Daniel of St. Thomas Jenifer

Daniel of St. Thomas Jenifer was an honored and effective local leader who, when conflict arose with Great Britain, embraced the Patriot cause, willingly abandoning the ordered society of colonial Maryland for the uncertainty of revolution. One of the oldest delegates in Philadelphia, he used his prestige to work for a strong and permanent union of the states. Contemporaries noted his good humor and pleasant company, which won him many friends at the Convention. When Luther Martin, who refused to sign the document, said that he feared being hanged if the people of Maryland approved the Constitution, Jenifer told him, humorously, that Martin should stay in Philadelphia, so that he would not hang in his home state. Along with Benjamin Franklin, Jenifer used laughter to help reconcile the opposing views of the delegates and to formulate the compromises that made the Convention a success.

CAREER BEFORE THE CONSTITUTIONAL CONVENTION. Jenifer was the son of a colonial planter of Swedish and English descent. Born long before conflicts with Great Britain emerged, he was for many years a leader in Maryland's colonial government. As a young man, he acted as a receiver-general, the local financial agent for the last two proprietors of Maryland. Jenifer served as justice of the peace for Charles County and later for the western circuit of Maryland. He sat on a commission that settled a boundary dispute between Pennsylvania and Maryland (1760) and on the Governor's Council, the upper house of the Maryland legislature that also served as the colony's court of appeals and as a board of senior advisers to the governor (1773-76).

Despite his close ties with the colonial government, Jenifer strongly resented what he and most of the colonial gentry saw as Parliament's arbitrary interference with the colonies' affairs, especially its laws concerning taxation and trade regulation. Years before the struggle for independence began, he had defended the proprietors of Maryland against those who sought to make Maryland a Royal colony, and when the Revolution came he lent his considerable support as a wealthy landowner to the Patriot cause, despite the fact that many leading Patriots had been his enemies in the proprietorship struggle. He became the president of Maryland's Council of Safety, the Patriot body established to organize Maryland's military forces for the Revolution (1775-77). When, in 1776, a new constitution was framed for the state of Maryland, Jenifer commented on the document's neglect of popular sovereignty: "The Senate does not appear to me to be a Child of the people at Large, and therefore will not be Supported by them longer than there Subsists the most perfect Union between the different Legislative branches." He represented his state in the Continental Congress (1778-82) while simultaneously serving as president of the state's first senate (1777-80). As manager of the state's finances between 1782 and 1785, he drew on his experiences as a landholder to help the state survive the critical postwar economic depression.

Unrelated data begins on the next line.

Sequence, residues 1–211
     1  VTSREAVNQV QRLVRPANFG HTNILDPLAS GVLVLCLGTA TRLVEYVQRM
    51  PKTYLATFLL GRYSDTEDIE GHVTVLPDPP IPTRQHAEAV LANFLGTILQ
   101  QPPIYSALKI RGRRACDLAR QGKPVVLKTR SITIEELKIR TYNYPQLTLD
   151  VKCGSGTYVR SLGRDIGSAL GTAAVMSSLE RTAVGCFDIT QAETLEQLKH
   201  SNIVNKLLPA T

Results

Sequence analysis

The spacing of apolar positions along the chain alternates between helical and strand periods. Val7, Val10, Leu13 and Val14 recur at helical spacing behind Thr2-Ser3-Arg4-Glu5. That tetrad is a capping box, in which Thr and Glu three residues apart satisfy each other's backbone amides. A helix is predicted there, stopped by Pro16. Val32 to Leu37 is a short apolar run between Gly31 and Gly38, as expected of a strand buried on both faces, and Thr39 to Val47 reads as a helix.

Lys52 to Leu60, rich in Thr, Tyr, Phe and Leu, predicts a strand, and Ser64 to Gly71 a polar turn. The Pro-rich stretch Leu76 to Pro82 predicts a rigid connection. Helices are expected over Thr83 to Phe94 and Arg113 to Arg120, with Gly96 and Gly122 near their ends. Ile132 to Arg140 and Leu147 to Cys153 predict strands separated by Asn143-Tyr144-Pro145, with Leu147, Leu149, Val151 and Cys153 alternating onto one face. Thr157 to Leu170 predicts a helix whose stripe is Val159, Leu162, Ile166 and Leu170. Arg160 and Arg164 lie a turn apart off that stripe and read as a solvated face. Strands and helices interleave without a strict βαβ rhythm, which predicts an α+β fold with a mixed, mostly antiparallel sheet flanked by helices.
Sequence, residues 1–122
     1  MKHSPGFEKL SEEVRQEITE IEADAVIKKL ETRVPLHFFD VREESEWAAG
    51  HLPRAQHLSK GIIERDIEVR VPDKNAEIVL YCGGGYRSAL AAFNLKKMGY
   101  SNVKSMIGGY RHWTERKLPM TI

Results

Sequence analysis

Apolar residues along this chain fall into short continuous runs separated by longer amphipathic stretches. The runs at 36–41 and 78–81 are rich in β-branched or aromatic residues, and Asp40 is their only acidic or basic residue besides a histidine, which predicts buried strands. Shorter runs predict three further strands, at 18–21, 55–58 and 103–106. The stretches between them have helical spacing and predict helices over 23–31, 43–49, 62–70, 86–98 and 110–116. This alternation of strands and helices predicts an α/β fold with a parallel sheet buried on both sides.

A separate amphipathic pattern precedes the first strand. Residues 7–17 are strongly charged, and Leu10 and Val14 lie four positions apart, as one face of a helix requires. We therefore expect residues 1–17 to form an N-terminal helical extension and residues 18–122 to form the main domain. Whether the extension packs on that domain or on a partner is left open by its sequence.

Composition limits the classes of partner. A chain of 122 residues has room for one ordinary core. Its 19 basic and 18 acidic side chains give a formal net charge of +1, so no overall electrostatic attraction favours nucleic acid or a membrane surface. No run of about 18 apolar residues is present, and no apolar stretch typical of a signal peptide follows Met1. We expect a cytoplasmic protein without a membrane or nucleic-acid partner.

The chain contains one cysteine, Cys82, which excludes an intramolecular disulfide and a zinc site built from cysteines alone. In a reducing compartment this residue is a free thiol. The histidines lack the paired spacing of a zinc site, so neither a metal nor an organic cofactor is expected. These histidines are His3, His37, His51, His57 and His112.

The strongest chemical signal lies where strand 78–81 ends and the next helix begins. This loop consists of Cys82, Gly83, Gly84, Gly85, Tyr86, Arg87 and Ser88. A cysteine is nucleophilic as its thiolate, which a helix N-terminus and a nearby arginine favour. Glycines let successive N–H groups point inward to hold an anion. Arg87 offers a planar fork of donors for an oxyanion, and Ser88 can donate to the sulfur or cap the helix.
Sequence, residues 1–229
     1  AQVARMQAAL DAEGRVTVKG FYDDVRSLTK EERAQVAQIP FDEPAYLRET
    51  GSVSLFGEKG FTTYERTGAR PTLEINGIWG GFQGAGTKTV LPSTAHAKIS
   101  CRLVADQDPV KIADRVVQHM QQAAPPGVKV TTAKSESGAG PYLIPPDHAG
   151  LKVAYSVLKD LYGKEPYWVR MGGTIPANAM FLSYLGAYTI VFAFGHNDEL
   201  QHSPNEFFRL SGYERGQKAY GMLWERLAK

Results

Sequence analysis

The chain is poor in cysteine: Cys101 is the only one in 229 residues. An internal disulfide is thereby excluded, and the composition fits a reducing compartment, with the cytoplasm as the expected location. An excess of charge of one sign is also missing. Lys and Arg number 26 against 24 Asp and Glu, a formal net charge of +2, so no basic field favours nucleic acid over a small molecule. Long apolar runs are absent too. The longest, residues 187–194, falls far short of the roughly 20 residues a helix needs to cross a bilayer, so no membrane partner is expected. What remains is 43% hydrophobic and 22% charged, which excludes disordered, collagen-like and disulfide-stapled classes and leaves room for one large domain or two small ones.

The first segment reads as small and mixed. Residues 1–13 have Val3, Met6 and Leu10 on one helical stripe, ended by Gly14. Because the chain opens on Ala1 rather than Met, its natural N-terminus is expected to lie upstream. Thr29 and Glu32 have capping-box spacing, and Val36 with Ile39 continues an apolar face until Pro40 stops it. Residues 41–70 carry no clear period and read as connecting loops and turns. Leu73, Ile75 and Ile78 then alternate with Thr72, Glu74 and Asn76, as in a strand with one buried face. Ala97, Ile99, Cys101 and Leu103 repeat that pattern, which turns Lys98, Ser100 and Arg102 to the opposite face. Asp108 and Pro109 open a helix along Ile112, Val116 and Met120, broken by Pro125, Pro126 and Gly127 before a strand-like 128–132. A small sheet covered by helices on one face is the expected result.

During these years, Jenifer became increasingly concerned with national affairs. Along with James Madison, John Dickinson, and his good friend George Washington, he began to explore ways to solve the economic and political problems that had arisen under the weak Articles of Confederation. Consequently, he attended the Mount Vernon Conference, a meeting that would lead eventually to the Constitutional Convention.

CONTRIBUTIONS TO THE CONSTITUTIONAL CONVENTION. Like his old friend Benjamin Franklin, Jenifer enjoyed the status of elder statesman at the Philadelphia Convention. He took stands on several important issues, although his advanced age restricted his activity in the day-to-day proceedings. Business experience gained while managing a large plantation had convinced him that an active central government was needed to ensure financial and commercial stability. To that end, he favored a strong and permanent union of the states in which a Congress representing the people had the power to tax. Concerned with continuity in the new government, he favored a three-year term for the House of Representatives. Too frequent elections, he concluded, might lead to indifference and would make prominent men unwilling to seek office. Jenifer was outvoted on this point, but his reaction was to marvel at the delegates' ability to come to agreement on a plan of government: "The first month we only came to grips, and the second it seemed as though we would fly apart forever, but we didn't-we jelled."

CAREER AFTER THE CONSTITUTIONAL CONVENTION. Jenifer, now in his sixty-fourth year, retired to "Stepney;" his great plantation near Annapolis.

BIRTH: 1723 (exact date unknown), at "Coates Retirement" (now "Ellerslie"), an estate near Port Tobacco in Charles County, Maryland
DEATH: 16 November 1790, in Annapolis, Maryland
INTERMENT: Exact location of his grave, which is on the Ellerslie estate, is unknown.


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